A Recommended Workflow


...this doesn't need to be a clear picture in your mind of mobile app screens or smart watch integrations — it can be conceptual

Before you can actually start building a product, you need to craft a vision of what you see the final product being. However, this doesn't need to be a clear picture in your mind of mobile app screens or smart watch integrations — it can be conceptual. There are many ways to document the product vision, but they are outside of the scope of this guide. Why not try a combination of brainstorming diagrams, lean canvas boards, elevator pitches and mood boards.

In reality, there will never be a final product. You will almost certainly have to change your product and innovate with time. This is where the Agile methodology can help, as it makes it a little easier to change your mind, or pivot. In fact, your originally defined product vision can even change. If you're in the early stages of testing a hypothesis for a startup, your vision may drastically change in six months. If you're re-building an existing mobile app for a client, the vision may not change at all.


Planning is where your story map comes into play.

The first pass

To start with, you need to create a first pass at your story map from your vision. This can be quite challenging, depending on how detailed your vision is. You should feed requirements into your story map by creating tangible user journeys. For example, if your vision outlines the following:


When people need the toilet in a public place it can be hard to find a public toilet.


Provide an interface (potentially a mobile app) to find a public toilet by geolocation, with reviews of the cleanliness

Your journey in your story map could be as simple as Find a public toilet. From there, you can define your steps and stories as outlined in How To Story Map. Keep repeating this until your vision is covered as best as possible. This will give you a skeleton structure of your whole product that is aligned with your vision. Try to start with what you believe are the most important features.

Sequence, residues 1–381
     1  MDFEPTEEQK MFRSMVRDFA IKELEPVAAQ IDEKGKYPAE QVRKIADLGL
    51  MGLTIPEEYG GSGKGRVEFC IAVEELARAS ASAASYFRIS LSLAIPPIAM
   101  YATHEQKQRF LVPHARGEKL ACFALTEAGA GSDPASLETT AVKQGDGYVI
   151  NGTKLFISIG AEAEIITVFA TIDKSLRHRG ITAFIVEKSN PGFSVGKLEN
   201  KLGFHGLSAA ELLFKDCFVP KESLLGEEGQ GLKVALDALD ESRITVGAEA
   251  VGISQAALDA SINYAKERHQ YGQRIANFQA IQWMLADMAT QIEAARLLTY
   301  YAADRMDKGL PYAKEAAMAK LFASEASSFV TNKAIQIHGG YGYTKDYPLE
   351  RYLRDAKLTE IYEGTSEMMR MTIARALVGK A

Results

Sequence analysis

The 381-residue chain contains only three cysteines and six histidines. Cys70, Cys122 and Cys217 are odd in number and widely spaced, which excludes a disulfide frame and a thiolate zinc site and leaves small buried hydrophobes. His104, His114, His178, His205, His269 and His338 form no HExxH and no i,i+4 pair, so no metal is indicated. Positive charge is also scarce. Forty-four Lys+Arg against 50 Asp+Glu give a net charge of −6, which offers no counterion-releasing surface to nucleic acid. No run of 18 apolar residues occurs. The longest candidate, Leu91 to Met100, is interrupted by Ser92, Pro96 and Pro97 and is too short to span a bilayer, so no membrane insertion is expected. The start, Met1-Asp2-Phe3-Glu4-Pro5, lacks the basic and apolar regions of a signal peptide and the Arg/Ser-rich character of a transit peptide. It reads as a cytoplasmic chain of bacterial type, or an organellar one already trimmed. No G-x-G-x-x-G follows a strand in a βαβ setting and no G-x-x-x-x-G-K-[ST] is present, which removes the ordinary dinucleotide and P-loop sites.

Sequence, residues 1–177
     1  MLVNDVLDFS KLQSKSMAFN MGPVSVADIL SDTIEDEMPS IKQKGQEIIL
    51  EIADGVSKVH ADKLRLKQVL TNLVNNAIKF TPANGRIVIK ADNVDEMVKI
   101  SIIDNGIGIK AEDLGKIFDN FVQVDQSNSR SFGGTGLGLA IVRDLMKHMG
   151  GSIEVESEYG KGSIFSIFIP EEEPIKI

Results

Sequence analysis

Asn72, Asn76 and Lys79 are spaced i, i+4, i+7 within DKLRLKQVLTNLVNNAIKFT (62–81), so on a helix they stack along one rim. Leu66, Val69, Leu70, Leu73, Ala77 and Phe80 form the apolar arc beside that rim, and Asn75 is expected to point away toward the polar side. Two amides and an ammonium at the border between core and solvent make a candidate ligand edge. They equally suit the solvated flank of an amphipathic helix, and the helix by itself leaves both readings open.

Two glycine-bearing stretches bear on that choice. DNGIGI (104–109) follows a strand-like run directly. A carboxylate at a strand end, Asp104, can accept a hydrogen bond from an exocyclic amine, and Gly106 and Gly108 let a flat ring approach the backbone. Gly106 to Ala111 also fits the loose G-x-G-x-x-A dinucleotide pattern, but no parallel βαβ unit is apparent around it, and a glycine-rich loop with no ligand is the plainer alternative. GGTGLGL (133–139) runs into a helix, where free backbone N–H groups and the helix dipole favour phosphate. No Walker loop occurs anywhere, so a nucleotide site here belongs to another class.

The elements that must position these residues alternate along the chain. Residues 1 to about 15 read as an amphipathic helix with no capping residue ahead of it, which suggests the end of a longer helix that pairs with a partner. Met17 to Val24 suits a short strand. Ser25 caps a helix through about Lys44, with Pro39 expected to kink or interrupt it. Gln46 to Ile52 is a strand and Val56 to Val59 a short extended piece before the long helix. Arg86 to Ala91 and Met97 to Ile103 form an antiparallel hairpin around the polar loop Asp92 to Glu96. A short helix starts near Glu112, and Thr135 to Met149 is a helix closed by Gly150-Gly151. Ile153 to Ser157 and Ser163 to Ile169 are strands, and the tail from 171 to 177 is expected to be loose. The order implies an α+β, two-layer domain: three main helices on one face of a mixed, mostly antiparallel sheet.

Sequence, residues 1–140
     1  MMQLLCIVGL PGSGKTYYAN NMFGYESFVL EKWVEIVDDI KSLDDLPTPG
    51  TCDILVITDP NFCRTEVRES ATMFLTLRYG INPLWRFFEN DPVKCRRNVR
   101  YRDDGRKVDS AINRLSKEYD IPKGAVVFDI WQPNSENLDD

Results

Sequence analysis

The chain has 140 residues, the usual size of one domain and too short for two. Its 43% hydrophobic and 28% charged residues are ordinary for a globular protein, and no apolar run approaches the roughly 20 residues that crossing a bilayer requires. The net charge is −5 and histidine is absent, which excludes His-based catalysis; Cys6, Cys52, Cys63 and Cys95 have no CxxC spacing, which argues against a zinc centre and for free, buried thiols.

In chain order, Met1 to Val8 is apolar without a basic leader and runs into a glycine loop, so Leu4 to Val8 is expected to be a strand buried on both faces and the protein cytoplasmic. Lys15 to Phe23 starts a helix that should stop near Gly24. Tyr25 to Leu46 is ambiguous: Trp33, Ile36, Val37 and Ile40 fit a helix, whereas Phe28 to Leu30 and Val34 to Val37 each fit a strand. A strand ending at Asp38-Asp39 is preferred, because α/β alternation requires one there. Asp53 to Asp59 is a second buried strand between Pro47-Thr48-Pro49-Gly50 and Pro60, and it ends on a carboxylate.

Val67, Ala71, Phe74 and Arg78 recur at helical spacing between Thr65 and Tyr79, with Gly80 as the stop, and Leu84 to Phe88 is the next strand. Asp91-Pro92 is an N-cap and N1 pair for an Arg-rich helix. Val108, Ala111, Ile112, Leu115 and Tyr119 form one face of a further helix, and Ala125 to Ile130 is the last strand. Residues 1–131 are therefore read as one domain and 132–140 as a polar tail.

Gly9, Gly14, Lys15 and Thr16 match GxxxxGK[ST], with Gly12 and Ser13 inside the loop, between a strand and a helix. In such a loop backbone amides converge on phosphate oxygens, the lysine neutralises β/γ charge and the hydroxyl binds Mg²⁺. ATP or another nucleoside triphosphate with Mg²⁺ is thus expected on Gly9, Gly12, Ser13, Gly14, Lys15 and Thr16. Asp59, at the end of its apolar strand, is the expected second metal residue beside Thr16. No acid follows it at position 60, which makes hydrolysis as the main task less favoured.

This process can happen over hours or days, and can be done with various people in the team. It's always nice to get stakeholder engagement early, so make sure you don't do this alone. Having said that, sometimes outlining journeys and steps can be done beforehand — bringing in stakeholders afterwards — to contribute to the user stories.

Once you have a full story map, you will need to add some releases

During development

During the development cycle, you will want to re-visit your story map. This can be for many reasons:

  • Some data suggests that you need to add or remove to a journey or feature

  • You would like to re-prioritise the order in which your team delivers something

  • You need to change what is included in an upcoming release

  • A new requirement comes in from the business

Assuming you have analytics channels set up within your sales processes and product, this can inform your story map. Your story map should be constantly re-visited as new data comes in. The beauty of using release planning is that you can easily define a whole new release across the whole product by just re-prioritising your user stories.


When you are happy with a release, you need to get it into your backlog. From here, your team can size the stories and plan upcoming sprint effectively. The benefit of not having everything in the backlog from the start is that your backlog stays clean, populated only by planned releases. Remember that releases don't need to line up with sprints.

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